Can you just remove yourself from the narrative and play as an impartial party? I’m not sure I’d love a game where I was fighting the British quite like I love the Modern Warfare series, but then I wouldn’t know until I tried it.
Basically, it must be pretty annoying to be a Russian just living your life and then constantly portrayed to be the bad guys in things like video games and James Bond films.
The latest mainstream piece of media to show Russia in a less-than-favourable light is the hit show Chernobyl, courtesy of HBO and Sky Atlantic.
Chernobyl dramatises the tragedy involving the meltdown of Reactor 4 at the Chernobyl Nuclear Power Plant in the Ukrainian SSR in 1986, and essentially shows Soviet bureaucrats making a series of bad moves during and after the incident.
Conversely to this portrayal, many believe that the CIA played a part in the meltdown, even being largely to blame for the disaster that still extracts its toll today.
With that, an alternative Russian series is being made, that follows a heroic KGB agent trying – and ultimately failing – the thwart the nefarious plans of the CIA operative. That’s me paraphrasing the plot, by the way; not my opinion on what happened.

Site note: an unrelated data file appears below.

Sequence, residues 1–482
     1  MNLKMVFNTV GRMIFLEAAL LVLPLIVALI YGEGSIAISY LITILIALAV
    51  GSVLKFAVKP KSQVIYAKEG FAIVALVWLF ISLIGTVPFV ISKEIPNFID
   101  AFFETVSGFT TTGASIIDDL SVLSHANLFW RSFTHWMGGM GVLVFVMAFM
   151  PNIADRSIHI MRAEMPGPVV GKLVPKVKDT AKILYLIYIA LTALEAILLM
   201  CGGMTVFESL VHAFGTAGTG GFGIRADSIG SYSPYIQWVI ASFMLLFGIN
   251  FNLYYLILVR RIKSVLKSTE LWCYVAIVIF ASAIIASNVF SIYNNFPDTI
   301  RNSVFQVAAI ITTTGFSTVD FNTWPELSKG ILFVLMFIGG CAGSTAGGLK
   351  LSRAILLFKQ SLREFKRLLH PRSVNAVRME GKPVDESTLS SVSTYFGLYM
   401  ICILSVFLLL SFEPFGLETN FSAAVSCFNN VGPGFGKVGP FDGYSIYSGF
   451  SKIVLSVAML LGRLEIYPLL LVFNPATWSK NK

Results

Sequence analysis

NTV, owned by Gazprom Media, will be responsible for the show, helped by the Russian culture ministry, who provided a cool 30 million rubles ($460,000).
The rest of the budget is unknown, thus far, but will have to be fairly hefty in order to compete with the might of HBO.
Meanwhile, Chernobyl is now the highest rated TV series of all time, surpassing Game of Thrones, Breaking Bad, Band of Brothers and Planet Earth 2.
This was more or less already known, but now that Chernobyl has finished, it feels a bit more official than before.
It sits atop the IMDb TV show list with a rating of 9.7 and now that it’s over, you can’t see it really dropping. Similarly, it’s also sitting pretty with a 95% rating on Rotten Tomatoes – although I think most people take what they say with a pinch of salt these days.
The show has also had the third best ever launch for a drama on Sky Atlantic, racking up a cumulative audience for its first episode of 1.7 million, according to Deadline.
Images via HBO
Alfie Powell joined as an apprentice and was probably hired because he was likely the only person who applied. He's been blagging his way through writing articles for four years now and he's definitely showing signs of slowing down. When not writing for The Hook, Alfie finds time to indulge in his favourite hobbies, such as drinking and sitting down.Follow